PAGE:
In the second part of the meetings, Deacon Mike Miller, in charge of diocesan business affairs, led us through some of the financial ramifications of the Chapter 11 process. As most of you know, for months now, the Association of Parishes (AOP) has been meeting with their attorneys to protect their assets and to contribute to the settlement. To my knowledge, this is the first time that parishes, to the extent suggested by the AOP, are participating in the settlement so that we can move ahead, rebuilding for the future. Because we are a relatively small diocese and have few assets, participation of parishes will be vital to a final resolution. I would hope all of us as a Catholic community of faith could see this as a compassionate outreach to victims, even though we werenít directly responsible. The diocese is selling all of its assets, and as we move into the future, we are examining how we can better protect the property of parishes under civil law.
In the third section of the meetings, we discussed the need for healing and how we might foster an attitude of healing in our Catholic community. All of us, in one way or another, have been hurt by this tragedy. It is clear that each parish has its own personality and needs. Several organizations are also interested in assisting with healing. Once we have an agreed-upon consensual plan that will lead us out of bankruptcy, we will focus more discussion on this matter.
At the meetings, there was time at the end for questions and discussion. One of the items that surfaced several times was: What are we doing to prevent this kind of tragedy from happening in the future? There are several areas that are being addressed.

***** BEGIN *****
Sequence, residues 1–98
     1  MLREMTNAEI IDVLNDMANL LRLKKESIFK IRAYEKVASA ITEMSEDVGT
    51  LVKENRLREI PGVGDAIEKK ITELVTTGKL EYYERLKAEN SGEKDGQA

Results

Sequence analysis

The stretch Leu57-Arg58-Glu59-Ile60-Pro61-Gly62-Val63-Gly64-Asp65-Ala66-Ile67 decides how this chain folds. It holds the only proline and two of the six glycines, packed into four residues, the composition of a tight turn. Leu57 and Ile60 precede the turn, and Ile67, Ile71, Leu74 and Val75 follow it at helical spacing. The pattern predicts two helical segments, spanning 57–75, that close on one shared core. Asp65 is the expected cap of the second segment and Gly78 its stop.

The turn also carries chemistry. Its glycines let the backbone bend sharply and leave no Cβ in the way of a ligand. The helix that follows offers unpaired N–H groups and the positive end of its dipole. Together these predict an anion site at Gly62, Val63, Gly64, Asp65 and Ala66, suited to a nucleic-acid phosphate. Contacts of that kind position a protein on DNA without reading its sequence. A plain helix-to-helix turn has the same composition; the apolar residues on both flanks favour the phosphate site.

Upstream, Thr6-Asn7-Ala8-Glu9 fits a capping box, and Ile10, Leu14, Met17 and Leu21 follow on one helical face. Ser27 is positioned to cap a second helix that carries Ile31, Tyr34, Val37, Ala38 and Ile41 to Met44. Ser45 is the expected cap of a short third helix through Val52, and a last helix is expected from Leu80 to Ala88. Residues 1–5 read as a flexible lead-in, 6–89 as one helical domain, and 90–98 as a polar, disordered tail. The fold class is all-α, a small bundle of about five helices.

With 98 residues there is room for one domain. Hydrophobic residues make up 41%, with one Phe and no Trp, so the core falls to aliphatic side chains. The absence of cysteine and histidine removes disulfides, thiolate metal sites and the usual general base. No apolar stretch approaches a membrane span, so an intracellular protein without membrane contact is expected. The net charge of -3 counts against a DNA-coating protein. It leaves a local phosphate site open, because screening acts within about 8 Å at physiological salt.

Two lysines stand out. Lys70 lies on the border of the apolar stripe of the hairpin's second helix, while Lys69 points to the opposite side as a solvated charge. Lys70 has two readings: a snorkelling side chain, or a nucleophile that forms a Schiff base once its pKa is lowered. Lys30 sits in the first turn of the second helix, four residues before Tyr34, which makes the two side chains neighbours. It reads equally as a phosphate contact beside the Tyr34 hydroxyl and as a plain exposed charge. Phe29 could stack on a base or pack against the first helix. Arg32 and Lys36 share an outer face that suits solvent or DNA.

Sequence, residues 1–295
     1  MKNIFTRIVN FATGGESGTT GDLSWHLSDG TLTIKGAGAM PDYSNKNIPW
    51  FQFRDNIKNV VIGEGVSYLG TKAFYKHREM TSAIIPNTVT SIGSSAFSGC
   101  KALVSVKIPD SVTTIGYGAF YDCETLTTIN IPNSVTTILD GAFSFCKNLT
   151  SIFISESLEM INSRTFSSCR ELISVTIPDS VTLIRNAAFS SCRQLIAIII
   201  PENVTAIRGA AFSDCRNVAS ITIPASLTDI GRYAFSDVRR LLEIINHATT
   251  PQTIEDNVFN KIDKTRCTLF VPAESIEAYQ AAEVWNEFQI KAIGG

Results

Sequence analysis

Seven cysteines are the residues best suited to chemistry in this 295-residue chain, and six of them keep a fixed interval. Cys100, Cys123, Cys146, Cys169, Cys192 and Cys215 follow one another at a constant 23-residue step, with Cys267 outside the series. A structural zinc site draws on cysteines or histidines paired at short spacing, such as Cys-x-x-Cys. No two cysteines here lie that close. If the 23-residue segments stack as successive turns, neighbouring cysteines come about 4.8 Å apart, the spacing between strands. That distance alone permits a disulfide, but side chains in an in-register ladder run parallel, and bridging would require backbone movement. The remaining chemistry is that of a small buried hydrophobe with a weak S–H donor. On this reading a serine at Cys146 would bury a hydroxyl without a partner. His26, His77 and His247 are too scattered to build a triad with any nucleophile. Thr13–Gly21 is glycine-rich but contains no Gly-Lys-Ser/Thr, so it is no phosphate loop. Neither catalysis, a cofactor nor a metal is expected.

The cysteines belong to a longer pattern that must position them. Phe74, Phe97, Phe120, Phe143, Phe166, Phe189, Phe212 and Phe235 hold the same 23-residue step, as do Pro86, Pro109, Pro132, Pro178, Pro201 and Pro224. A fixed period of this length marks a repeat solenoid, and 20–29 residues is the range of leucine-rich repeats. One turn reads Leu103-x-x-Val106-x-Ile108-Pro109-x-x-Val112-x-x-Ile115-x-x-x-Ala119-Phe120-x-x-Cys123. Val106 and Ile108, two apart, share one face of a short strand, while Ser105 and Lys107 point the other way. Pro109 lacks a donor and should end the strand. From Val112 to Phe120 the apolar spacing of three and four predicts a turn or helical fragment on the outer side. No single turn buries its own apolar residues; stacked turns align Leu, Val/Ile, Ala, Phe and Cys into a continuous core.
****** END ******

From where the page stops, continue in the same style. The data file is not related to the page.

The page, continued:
First, there is the Charter for the Protection of Youth and Children, approved for all dioceses in this country by the U. S. Catholic bishops. Our safe environment training for all of our parishes and personnel working in the diocese is a must. Some say education is one of the best ways of preventing child sexual abuse. Of the 195 dioceses in the United States, all but one has agreed to be audited on how well this directive is implemented. Such safe environment training has been a massive, complex commitment, and will continue to be.
Second, background checks are made on everyone working in the diocese, to make sure as far as it is possible that there is nothing in the background of a person that would indicate he/she would be a danger to a child.
Third, a code of conduct has been in existence in the diocese now for over 15 years. A few years ago, as the tragedy of abuse became known in our country, our own code was revisited and tightened up even more. Those of you who work with children and youth know how demanding such a code is Ė and well it should be.
Fourth, the screening of candidates for the seminary has improved. There is no absolutely sure way that we can detect whether someone in the future might be a danger to children, but all candidates for priesthood are psychologically screened to make sure as far as humanly possible a person is acceptable for formation in a seminary.
This is the Easter season. We have been experiencing a painful and challenging time in the diocese. The cross is never easy, but we should also be mindful that we are Easter people who live our lives with joy and profound gratitude to God for our gift of faith.
May Godís peace and joy be with all of you.